Cinco De Mayo And The Republican National Committee:
May 05, 2008, 08:58 PM
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This morning, I received an e-mail from the Republican National Committee [Send them mail]:
WASHINGTON – RNC Chairman Robert M. �Mike� Duncan released the following statement today:

�Today, we honor the brave soldiers who fought and prevailed at the Battle of the Puebla in 1862. Though greatly outnumbered, their small army won in the name of liberty and freedom for Mexico. We commemorate on this day the many contributions Mexican Americans have made and are making everyday.

�As a Party, we commit ourselves to the issues that affect all Americans, including Hispanics and offer solutions that support small businesses, diversity, and education. With Senator John McCain as our presumptive presidential nominee, our Party will continue to support the American Dream and offer opportunities to make it a reality.�

There are many things I could say about this statement. I could also note that this was a minor symbolic victory for the Mexicans. I could note that the French continued to fight for four years in Mexico, before US intervention encouraged them to withdraw. I could also ask why it is the job of America to take sides in a minor battle from over a hundred years ago where our allies in France, Spain, and Britain were trying to reclaim a debt that Mexico refused to pay. For those who say that Cinco de Mayo is no different than St. Patrick's Day, I could note that I didn’t get an e-mail from the RNC celebrating the contributions of Irish Americans—who are not calling for Boston to secede and join Ireland.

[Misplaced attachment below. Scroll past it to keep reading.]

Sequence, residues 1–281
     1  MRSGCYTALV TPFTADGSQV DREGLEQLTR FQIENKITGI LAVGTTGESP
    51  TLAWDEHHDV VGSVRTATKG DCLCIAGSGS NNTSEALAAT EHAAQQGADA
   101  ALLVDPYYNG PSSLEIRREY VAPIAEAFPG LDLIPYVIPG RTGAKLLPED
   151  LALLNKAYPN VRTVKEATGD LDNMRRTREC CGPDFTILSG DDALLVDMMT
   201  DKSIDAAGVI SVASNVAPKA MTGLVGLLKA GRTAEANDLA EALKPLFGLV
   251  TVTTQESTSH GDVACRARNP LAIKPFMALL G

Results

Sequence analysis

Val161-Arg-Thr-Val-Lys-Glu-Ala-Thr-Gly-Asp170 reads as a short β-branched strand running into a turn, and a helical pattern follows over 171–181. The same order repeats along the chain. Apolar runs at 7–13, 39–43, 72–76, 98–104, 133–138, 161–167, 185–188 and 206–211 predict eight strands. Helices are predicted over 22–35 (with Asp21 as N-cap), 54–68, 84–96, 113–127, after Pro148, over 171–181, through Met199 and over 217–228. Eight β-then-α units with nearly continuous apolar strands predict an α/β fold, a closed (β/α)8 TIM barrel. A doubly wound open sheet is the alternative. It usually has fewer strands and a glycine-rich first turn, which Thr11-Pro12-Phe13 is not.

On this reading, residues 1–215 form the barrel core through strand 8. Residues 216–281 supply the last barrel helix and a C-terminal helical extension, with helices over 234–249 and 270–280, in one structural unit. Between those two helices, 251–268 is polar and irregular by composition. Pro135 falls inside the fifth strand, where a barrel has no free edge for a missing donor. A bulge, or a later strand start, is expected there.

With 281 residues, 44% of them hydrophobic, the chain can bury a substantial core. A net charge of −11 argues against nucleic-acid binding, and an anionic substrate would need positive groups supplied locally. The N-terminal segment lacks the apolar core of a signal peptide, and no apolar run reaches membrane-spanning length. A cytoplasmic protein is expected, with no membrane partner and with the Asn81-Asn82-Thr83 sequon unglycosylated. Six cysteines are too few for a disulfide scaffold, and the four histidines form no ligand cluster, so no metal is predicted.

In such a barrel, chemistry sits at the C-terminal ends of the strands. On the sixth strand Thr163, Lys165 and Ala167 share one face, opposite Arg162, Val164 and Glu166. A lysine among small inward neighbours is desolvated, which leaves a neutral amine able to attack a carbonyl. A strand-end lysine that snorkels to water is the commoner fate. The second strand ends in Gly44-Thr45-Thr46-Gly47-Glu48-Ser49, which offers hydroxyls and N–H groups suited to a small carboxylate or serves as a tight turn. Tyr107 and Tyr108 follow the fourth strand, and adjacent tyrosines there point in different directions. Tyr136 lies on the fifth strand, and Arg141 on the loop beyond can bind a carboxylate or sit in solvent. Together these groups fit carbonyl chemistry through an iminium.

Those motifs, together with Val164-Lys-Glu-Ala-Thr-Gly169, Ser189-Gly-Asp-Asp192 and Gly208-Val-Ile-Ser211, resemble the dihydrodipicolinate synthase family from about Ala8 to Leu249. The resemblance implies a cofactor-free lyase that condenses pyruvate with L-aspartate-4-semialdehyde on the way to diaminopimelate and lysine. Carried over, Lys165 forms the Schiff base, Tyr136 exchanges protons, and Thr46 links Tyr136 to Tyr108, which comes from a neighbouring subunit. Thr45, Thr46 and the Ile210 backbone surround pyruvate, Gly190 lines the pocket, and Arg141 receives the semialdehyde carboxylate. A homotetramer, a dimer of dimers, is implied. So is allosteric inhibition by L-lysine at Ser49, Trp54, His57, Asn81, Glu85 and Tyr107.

Instead, I want to talk about another battle that took place on May 5, 1862 Over 70,000 brave Union and Confederate troops fought at the Battle of Williamsburg for what they both believed to be the noble causes of the Union and Independence respectively. There were 3,962 causalities on both sides—compared to 236 Mexican casualties in the Battle of Puebla.

You won’t hear anything about this from the Republican National Committee. Of course this was a relatively small battle in the totality of the American Iliad, but I didn’t get an e-mail on Lee-Jackson day either. The most you’ll hear from John McCain is that their Confederate flag is a �offensive� and a symbol of �racism and slavery.�

The RNC’s celebration of Mexico’s �independence day� is done at the expense of American Independence. White Southerners are the most loyal Republicans. This is just one example of how the Republican Party is just as much opposed to their interests as it was in 1862.